In this study, we demonstrated that TP53 rescued partially the ASXL1 phenotype by affecting the apoptotic programming without triggering malignant transformation.
Recent studies of clonal hematopoiesis in healthy donors demonstrated that ASXL1 and TP53 mutated cells might persist in bone marrow without overt evolution to MDS unless three or more mutations are present.102 These findings are in line with recent sequence data in MDS, particularly in high-risk MDS, that three or more mutations are frequently noticed, which might explain why in our model stem cell properties are affected but show no signs of transformation.11
Mutations in the ASXL1 gene generate a loss of function suggesting that the RNAi approach might be an appropriate way to mimic patient setting. However, recent studies have demonstrated that an overexpression of mutated ASXL1 proteins can act within the PR-DUB pathway and globally erase and diminish H2AK119ub and H3K27me3, respectively.12 Similar TP53 mutations are also associated with loss of function, but recent studies have demonstrated that mutated p53 protein can also have additional functions by directly targeting chromatin modifiers and by affecting the proteasome gene transcription.1413 Therefore, a combined knockdown of ASXL1 and TP53 may not reflect the total mutational status observed in MDS or AML. Furthermore, the order of mutation may play a crucial role in what phenotype cells present with. Ortmann et al. discovered that TET2 mutations preceding JAK2 V617F heavily influenced the JAK2 V617F activated transcriptional program.15 The order of mutation appeared to be of such importance that it affected the clonal evolution in patients. In this study, we simultaneously abrogated ASXL1 and TP53 function; in the future, an alternative approach might be used. In summary, our data demonstrate that ASXL1-compromised cells benefit from loss of TP53 but do not lead to malignant transformation.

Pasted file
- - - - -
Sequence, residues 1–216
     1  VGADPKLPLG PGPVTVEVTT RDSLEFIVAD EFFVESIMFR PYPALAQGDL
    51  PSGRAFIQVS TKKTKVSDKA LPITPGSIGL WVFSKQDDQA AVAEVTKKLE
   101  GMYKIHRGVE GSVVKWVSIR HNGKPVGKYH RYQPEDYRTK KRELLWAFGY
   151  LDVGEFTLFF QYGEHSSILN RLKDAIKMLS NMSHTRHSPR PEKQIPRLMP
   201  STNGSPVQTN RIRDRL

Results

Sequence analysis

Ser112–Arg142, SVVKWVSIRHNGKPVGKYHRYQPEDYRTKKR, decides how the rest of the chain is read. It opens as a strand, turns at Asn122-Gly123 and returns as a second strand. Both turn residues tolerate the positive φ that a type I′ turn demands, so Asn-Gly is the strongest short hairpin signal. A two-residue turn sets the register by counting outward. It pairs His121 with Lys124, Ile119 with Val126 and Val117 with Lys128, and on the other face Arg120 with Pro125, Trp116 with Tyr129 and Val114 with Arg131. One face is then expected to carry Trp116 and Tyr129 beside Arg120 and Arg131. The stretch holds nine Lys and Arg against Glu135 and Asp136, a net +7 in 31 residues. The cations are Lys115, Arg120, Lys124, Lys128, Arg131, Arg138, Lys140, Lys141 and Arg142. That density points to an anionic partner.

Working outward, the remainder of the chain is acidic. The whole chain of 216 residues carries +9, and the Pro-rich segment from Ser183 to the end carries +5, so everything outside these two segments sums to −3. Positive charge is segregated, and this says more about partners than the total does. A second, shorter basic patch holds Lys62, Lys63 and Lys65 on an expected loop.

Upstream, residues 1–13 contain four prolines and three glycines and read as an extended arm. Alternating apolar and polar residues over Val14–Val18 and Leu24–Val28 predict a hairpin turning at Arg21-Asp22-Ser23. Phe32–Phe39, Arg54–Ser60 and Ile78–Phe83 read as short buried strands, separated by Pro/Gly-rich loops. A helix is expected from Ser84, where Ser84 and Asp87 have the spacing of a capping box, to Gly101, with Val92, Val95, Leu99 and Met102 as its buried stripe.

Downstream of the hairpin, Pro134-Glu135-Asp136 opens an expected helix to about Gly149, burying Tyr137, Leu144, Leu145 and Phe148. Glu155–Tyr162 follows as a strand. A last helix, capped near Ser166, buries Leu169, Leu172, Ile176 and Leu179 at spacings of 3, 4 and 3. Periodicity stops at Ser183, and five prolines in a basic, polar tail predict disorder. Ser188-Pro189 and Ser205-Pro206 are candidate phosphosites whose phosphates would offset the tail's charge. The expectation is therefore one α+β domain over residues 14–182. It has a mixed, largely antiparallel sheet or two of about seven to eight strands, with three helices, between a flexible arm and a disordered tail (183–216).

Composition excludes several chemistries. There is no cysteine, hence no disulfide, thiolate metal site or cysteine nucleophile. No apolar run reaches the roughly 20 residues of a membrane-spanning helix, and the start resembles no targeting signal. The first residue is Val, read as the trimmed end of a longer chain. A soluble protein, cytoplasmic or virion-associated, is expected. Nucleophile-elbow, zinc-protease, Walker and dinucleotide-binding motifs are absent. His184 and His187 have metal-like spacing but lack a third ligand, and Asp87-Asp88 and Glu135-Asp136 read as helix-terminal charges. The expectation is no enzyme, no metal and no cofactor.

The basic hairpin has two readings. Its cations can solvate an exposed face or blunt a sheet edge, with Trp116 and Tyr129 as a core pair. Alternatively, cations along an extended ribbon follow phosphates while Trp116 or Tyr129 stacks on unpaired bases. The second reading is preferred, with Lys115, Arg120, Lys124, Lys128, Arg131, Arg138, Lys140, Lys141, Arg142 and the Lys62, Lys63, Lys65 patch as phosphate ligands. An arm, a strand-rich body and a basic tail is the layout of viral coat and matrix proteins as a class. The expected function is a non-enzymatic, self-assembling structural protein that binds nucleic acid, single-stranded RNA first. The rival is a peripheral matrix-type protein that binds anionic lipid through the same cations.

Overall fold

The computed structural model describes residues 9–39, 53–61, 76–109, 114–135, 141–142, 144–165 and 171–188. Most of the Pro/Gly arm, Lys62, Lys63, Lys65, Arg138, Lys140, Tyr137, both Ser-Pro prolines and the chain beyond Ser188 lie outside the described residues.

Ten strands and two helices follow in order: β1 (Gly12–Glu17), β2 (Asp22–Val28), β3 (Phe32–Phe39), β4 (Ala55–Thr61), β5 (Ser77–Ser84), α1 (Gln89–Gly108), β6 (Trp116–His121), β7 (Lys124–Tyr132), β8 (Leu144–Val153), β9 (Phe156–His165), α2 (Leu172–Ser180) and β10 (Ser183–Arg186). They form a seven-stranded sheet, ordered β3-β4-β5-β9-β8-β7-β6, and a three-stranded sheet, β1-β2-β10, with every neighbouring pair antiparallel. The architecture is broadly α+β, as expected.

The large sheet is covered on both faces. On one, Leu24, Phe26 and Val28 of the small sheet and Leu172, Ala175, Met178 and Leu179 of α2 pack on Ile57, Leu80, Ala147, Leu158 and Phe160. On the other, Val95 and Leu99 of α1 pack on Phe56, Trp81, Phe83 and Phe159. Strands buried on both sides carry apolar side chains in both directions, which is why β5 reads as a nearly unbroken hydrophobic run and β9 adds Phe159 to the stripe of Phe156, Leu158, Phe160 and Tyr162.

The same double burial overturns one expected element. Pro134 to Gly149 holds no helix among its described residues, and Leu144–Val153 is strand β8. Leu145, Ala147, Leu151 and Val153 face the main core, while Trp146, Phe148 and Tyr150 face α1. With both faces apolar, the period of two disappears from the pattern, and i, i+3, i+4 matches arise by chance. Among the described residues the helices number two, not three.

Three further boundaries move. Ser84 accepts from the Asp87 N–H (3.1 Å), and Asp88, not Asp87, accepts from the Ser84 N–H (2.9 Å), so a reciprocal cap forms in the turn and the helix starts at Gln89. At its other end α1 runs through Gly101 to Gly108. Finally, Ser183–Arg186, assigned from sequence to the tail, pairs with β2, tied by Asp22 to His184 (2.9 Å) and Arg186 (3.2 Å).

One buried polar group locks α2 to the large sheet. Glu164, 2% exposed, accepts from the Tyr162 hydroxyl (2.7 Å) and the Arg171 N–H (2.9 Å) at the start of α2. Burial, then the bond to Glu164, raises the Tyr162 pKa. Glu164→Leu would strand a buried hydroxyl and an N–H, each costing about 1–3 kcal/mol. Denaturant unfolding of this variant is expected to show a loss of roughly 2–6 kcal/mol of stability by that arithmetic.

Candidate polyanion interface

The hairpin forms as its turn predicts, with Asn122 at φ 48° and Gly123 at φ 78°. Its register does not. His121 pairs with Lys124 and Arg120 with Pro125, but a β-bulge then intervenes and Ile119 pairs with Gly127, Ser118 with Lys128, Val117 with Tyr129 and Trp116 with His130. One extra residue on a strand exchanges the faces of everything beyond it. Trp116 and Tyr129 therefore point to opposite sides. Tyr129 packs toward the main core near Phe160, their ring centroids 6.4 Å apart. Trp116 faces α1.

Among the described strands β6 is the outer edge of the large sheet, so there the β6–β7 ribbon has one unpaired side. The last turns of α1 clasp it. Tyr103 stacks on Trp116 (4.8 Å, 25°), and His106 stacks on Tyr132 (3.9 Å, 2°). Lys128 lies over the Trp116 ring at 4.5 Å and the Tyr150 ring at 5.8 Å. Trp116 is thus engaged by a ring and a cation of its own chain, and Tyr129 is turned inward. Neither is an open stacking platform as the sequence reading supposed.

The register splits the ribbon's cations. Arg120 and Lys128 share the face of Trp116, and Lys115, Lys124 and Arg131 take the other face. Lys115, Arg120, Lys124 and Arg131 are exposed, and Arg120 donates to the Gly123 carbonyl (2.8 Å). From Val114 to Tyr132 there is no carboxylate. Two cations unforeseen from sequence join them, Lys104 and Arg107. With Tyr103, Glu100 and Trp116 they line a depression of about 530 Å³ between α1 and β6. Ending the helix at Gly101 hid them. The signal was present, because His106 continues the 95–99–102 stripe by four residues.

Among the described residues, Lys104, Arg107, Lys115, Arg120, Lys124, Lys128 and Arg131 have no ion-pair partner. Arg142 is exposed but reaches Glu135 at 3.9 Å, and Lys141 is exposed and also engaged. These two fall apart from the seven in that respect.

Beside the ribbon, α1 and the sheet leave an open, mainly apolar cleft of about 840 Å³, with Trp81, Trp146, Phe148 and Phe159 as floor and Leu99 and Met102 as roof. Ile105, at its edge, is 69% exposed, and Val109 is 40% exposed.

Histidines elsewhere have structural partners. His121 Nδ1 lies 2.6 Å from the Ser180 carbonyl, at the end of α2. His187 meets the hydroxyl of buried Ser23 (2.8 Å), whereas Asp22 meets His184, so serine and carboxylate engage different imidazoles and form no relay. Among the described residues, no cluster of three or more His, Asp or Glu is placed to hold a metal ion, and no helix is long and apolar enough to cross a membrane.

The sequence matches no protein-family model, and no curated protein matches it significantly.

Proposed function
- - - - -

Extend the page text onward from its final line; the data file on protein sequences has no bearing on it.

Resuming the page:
- Cazzola M, Della Porta MG, Malcovati L. The genetic basis of myelodysplasia and its clinical relevance. Blood. 2013; 122(25):4021-4034. PubMedhttps://doi.org/10.1182/blood-2013-09-381665Google Scholar
- Sallman DA, Komrokji R, Vaupel C. Impact of TP53 mutation variant allele frequency on phenotype and outcomes in myelodys-plastic syndromes. Leukemia. 2016; 30(3):666-673. PubMedhttps://doi.org/10.1038/leu.2015.304Google Scholar
- Clarke AR, Purdie CA, Harrison DJ. Thymocyte apoptosis induced by p53-dependent and independent pathways. Nature. 1993; 362(6423):849-852. PubMedhttps://doi.org/10.1038/362849a0Google Scholar
- Bejar R, Stevenson KE, Caughey BA. Validation of a prognostic model and the impact of mutations in patients with lower-risk myelodysplastic syndromes. J Clin Oncol. 2012; 30(27):3376-3382. PubMedhttps://doi.org/10.1200/JCO.2011.40.7379Google Scholar
- Abdel-Wahab O, Gao J, Adli M. Deletion of Asxl1 results in myelodysplasia and severe developmental defects in vivo. J Exp Med. 2013; 210(12):2641-2659. PubMedhttps://doi.org/10.1084/jem.20131141Google Scholar